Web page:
For Amber’s new Women In Tech interview series, we speak with female thought leaders from around the world to hear their experience growing a career in tech and to get their advice on overcoming challenges and adversity during their career.
For this week’s interview, we caught up with Adriana Belotti, Marketing and Community Supernode at Prismatik, to talk diversity and advice on how to build a career in tech.
Can you tell us a little about what you do and what a typical day looks like for you?
I was born in Brazil and lived in Rio until the late 90s when I moved to New York for a couple of years. At the time I was working in the music industry. My first visit to Australia was just before the 2000 Olympics and I fell in love with Sydney and the laid back Aussie lifestyle.
I’m a night owl. My morning starts around 8am with a couple of espressos, followed by exercise. Around 10am, I dig into work, catching up with messages and ticking easy tasks off my to-do list before lunch. Productivity peaks in the afternoons, when I work on tasks that require deep focus. That’s when the phone notification get shut off and I concentrate. At least twice a week, there’ll be a meetup in the evening, but when I’m at home, after cooking a nutritious dinner, I catch up on industry content and practice a skill, before shutting off around 1am.
That’s easy: the internet.
The transformation that it brought to the world, decentralising information and how people connected. I just had to get involved!
In 2005 when I decided to move to Australia, I took a chance at a second degree and landed in Sydney to study Applied Computing. My first bachelor was in English, back in Brazil, so it was quite a challenge to do a tech degree, outside of my native country and my comfort zone. Best decision ever!
Many women in the tech industry have felt their gender has affected the way they are treated in the workplace and industry. Have you ever been in a situation like that? How did you handle it?
Before I jump into how I deal with issues, I want to emphasise that things are changing for the better. The constant support that women give each other and get from amazing men is amazing and is growing.
Occasionally I have to deal with those “well meaning” joked about comments that add no value. I speak up when it happens, because I believe it’s important to show when that line is crossed. Otherwise, no one learns where the damn line is!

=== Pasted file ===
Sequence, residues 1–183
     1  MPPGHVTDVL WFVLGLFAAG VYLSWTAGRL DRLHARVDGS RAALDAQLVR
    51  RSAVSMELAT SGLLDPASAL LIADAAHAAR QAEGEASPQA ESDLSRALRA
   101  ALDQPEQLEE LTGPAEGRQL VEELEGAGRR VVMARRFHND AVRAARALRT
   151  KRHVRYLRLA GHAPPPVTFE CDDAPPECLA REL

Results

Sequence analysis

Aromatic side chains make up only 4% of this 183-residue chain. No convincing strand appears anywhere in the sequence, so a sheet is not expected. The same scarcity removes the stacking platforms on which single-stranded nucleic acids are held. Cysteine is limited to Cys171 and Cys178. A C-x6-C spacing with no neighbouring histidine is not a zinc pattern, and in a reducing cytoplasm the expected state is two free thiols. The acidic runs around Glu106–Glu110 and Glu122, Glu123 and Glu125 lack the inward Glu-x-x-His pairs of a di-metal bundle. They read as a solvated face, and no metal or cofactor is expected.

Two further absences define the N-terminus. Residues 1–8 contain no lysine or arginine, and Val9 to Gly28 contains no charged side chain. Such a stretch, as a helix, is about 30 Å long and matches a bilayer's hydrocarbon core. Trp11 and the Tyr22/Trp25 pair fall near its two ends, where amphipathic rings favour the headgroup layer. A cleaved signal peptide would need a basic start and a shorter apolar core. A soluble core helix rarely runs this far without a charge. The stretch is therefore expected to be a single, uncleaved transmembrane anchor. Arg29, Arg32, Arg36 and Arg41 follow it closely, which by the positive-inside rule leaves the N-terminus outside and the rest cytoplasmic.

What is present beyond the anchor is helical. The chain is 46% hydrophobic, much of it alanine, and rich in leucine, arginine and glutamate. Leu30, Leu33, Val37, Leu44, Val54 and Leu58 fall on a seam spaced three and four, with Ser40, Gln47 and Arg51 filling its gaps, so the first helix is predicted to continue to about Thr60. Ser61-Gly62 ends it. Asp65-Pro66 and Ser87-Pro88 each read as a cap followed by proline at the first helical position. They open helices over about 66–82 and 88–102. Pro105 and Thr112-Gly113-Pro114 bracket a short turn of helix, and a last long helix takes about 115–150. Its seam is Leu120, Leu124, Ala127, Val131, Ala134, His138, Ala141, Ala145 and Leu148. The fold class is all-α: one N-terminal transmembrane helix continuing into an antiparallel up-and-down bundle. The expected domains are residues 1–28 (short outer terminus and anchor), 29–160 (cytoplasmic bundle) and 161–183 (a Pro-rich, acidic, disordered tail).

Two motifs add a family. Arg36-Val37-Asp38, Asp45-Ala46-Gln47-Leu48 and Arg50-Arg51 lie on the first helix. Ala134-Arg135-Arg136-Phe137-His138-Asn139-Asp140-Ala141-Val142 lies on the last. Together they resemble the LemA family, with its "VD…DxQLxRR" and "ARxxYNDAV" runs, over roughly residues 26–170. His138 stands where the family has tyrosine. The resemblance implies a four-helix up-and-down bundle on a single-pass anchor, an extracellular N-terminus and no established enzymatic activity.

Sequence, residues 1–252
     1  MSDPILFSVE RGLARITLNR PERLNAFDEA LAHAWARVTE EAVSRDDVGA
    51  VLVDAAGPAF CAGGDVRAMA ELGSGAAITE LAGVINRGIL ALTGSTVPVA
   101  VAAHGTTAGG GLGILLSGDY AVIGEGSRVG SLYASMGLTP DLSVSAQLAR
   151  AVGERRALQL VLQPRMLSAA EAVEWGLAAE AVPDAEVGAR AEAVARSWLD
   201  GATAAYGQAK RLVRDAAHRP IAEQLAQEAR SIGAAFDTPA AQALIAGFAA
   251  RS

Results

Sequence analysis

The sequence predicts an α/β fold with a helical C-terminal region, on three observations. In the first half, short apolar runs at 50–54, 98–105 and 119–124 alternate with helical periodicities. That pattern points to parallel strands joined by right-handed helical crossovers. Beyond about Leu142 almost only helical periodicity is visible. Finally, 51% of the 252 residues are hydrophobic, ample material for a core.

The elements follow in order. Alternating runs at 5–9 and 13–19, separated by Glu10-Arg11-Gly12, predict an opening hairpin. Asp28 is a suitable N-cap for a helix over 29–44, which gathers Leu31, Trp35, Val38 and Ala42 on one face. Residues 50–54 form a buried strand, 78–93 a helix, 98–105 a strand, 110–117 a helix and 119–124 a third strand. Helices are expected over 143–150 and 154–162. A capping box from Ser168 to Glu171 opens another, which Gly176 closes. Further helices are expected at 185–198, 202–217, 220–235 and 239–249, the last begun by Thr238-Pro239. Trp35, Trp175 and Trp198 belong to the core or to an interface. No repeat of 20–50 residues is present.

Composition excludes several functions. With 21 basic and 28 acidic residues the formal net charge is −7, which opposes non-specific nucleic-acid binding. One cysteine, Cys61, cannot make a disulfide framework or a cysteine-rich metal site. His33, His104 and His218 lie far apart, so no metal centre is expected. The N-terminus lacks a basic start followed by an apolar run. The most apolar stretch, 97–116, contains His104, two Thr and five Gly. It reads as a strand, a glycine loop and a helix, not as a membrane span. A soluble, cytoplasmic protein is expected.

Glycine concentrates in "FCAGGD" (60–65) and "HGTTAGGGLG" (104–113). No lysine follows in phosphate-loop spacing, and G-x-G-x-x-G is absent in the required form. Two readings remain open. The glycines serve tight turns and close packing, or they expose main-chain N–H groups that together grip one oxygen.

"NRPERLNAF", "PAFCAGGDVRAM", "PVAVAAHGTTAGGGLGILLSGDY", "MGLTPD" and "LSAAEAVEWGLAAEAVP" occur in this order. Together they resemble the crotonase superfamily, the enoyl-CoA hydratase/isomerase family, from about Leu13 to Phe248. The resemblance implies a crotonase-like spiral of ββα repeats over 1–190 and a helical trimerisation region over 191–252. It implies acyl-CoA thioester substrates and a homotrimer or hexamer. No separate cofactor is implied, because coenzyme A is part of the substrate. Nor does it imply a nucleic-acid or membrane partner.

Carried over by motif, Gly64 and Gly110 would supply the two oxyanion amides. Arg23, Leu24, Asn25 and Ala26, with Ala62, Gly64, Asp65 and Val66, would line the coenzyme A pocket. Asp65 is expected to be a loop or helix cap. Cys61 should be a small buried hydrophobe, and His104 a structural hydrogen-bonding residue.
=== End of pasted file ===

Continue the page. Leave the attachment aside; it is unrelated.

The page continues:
The positive outcome is that, most of the time, when you call someone out on their behaviour, it improves. Even when someone hold on to their bruised ego on the surface, internally they check themselves and the behaviour changes.
Being able to make a contribution for a better world. It’s more practical than it sounds, really.
I look for ways to inspire the community in pursuing meaningful and constructive work. For example, at the meetups, we discuss how this new industry can help solve real problems and, most importantly, we hang out, creating a space for the peers of this peer-to-peer evolution to meet and connect. At Prismatik, we support community efforts to create and promote an inclusive culture. At the Blockchain Pro podcast, we unpack our guests professional journeys, to find out what made them want to work in the industry, hoping to inspire our audience to join the movement to decentralise the web.
Anyone can contribute to a better world by filling their own lives with good intentions, meaningful connections and work awesomeness.
What advice would you give to a woman starting her career in the tech industry? Is there any advice you wish you had known at the start of your career?
Learn to speak up. I don’t mean just when something bad happens, I mean speak up at every opportunity. If you are afraid of public speaking, work on getting over it. I was too, and I wish I worked at it sooner. Learn to present and submit talks for meetups and conferences. We need more female voices out there, there’s huge demand for it.
Also, be inclusive and supportive. We are all part of the tech community and it’s important to enjoy each other’s company, and learn together. In the end, no one likes an asshole, no matter what gender they identify with.